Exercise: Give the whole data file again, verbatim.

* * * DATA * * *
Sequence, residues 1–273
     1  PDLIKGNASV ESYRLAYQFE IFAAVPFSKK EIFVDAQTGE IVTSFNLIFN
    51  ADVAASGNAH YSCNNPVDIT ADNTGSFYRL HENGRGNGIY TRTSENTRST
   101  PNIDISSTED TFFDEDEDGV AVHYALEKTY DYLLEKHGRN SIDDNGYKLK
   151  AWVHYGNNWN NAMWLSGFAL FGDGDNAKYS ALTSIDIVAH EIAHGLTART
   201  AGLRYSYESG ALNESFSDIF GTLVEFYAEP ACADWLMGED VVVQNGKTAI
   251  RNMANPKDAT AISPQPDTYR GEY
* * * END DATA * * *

Sequence, residues 1–273
     1  PDLIKGNASV ESYRLAYQFE IFAAVPFSKK EIFVDAQTGE IVTSFNLIFN
    51  ADVAASGNAH YSCNNPVDIT ADNTGSFYRL HENGRGNGIY TRTSENTRST
   101  PNIDISSTED TFFDEDEDGV AVHYALEKTY DYLLEKHGRN SIDDNGYKLK
   151  AWVHYGNNWN NAMWLSGFAL FGDGDNAKYS ALTSIDIVAH EIAHGLTART
   201  AGLRYSYESG ALNESFSDIF GTLVEFYAEP ACADWLMGED VVVQNGKTAI
   251  RNMANPKDAT AISPQPDTYR GEY